Archive for the ‘health reform’ tag
Last night, President Obama laid out a strong, meaningful and moral health-reform platform. It is a sensible and fair approach that will help improve the lives, health and security of millions of American families.
Under the plan, hard-working Americans can be sure that an unexpected layoff or an effort to start your own business won’t keep you from getting the treatment you need. And strong prevention measures will help save money and reduce the terrible effects chronic diseases like diabetes and asthma are having on low-income people and communities of color.
It is time for leaders on all sides to put their heads down and do the work we elected them to do. The Obama plan represents a broad consensus, packed with the most promising ideas from experts, doctors and leaders on both sides of the Congressional aisle.
After a long, hot, loud August filled with disinformation and overheated rhetoric, it is time for the politics to cool. How Republican leaders react to this speech throughout September and October will show clearly whether they are in Washington to make the lives of everyday Americans better or if they are there to score cheap political points at the expense of the American people.
The perpetual campaign must stop. Our unfair, outdated, and unresponsive health-care system has dragged down families and businesses for far too long.
Obama stepped up to the plate last night, showing a willingness to bring any good ideas into the fold. But a willingness to compromise does not mean stepping away from essential elements and cannot represent a willingness to wait.
The time is now for real change. It’s up to our elected leaders to decide whether they want to play a constructive role — or merely hurl invective from the sidelines.
This article also appeared in the Washington Post’s “Health Care RX” experts panel. For more of Angela Glover Blackwell’s analyses, click here.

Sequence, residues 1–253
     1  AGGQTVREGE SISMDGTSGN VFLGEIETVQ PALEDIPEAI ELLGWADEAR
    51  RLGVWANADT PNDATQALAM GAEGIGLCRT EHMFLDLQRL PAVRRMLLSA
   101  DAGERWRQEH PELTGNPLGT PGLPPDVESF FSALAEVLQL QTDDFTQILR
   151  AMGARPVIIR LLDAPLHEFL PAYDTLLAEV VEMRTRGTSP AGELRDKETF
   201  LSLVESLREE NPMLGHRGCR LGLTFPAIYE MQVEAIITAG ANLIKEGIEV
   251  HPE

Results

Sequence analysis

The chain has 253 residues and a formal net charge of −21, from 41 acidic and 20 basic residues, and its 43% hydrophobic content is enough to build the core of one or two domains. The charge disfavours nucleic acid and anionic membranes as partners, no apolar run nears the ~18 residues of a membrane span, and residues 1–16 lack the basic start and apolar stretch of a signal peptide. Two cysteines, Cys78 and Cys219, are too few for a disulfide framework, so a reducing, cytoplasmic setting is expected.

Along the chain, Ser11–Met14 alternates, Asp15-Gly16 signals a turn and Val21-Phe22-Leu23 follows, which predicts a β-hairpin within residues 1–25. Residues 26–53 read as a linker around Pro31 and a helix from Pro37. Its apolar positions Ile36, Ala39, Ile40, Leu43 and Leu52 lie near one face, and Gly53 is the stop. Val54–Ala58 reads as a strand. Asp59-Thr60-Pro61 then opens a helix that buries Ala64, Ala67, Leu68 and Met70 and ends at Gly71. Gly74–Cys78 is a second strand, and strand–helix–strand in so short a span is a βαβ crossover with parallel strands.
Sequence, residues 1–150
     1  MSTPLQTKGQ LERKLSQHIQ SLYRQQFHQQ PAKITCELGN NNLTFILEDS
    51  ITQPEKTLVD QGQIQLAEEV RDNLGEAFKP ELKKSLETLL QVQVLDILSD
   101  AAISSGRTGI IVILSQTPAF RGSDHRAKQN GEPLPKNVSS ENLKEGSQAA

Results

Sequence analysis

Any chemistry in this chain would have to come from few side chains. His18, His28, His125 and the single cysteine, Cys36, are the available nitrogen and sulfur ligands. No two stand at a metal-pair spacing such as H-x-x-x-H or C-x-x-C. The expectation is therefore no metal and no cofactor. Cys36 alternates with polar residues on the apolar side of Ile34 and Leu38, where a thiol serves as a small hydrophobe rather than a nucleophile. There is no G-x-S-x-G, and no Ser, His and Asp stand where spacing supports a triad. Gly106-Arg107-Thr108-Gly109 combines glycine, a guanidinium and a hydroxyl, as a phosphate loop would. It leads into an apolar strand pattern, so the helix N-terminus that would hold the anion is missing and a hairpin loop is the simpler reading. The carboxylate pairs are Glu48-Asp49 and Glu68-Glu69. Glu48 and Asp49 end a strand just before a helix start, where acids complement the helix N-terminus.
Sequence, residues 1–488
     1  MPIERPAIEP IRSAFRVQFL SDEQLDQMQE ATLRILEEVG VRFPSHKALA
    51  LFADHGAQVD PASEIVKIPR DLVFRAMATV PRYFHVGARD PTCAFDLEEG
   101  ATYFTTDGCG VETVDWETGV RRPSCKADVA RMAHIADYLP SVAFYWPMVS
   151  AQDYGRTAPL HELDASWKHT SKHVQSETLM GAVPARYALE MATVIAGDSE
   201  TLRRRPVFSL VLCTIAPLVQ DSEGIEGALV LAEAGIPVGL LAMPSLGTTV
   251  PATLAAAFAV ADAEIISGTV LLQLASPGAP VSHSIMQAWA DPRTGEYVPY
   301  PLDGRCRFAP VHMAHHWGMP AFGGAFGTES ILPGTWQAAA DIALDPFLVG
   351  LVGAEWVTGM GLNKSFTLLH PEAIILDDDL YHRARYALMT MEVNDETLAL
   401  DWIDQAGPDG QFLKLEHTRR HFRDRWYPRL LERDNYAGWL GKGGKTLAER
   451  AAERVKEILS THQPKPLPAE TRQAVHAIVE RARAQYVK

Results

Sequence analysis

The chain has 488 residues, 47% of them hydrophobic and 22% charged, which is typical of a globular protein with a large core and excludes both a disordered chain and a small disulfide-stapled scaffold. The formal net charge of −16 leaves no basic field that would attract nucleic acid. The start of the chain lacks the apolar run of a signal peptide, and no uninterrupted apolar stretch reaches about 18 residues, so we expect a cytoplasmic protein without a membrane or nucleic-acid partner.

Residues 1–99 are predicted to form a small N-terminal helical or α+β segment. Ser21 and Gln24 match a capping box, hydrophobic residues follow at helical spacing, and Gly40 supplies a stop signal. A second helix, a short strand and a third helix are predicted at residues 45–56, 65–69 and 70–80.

New York, NY - Leaders of six of the nation’s top health foundations today made an unprecedented joint call for prevention measures to be central to the reform of our national health systems.In a letter released today, leaders at The California Endowment, The Kresge Foundation, Nemours, Robert Wood Johnson Foundation, W.K. Kellogg Foundation, and Kaiser Permanente, wrote that prevention measures like early health screenings and improved access to healthy food will save both lives and money. Good health, they argue, doesn’t start at the doctor’s office - it starts where we live, work, learn and play.Beginning in 2006, the six foundations, along with technical advisor Centers for Disease Control and Prevention, partnered to form the Healthy Eating Active Living Convergence Partnership - a collaboration of funders looking to help healthy people live in healthy places. Today’s letter was released on behalf of the Partnership.
In the letter, the foundation leaders point to several proven examples where community-level prevention measures improved health, saved money, and cultivated community leadership.
“This is a strong national platform for the nation to build on,” they write in the letter, available in full at www.convergencepartnership.org. “With additional resources, it could bring considerable improvements in health for all Americans. It is time to scale up these efforts by including robust financial support for community prevention in any health systems reform.”
The letter’s signatories are:
- Robert K. Ross, MD, President and CEO; The California Endowment
- Raymond J. Baxter, PhD, Senior Vice President; Kaiser Permanente
- Rip Rapson, CEO; The Kresge Foundation
- David J. Bailey, MD; CEO and President; Nemours
- Risa Lavizzo-Mourey, MD, MBA; President Robert Wood Johnson Foundation
- Sterling K. Speirn; President and CEO; W.K. Kellogg Foundation
The letter is released at a crucial time, as Americans and Congress debate how to reform our national health care system.
The foundation leaders stress that prevention can save money and improve the long-term population health. A study last year from the Trust for America’s Health showed that for every dollar we invest in proven community-based disease prevention programs, we save $5.60. If we invested $10 per person in prevention, we could yield savings of more than $16 billion nationwide annually within five years.
The American people also want a health care system built around smart prevention measures. A recent Greenberg Poll showed prevention was the most popular potential health care fix, with nearly half of respondents rating it a 10 out of 10 in terms of importance.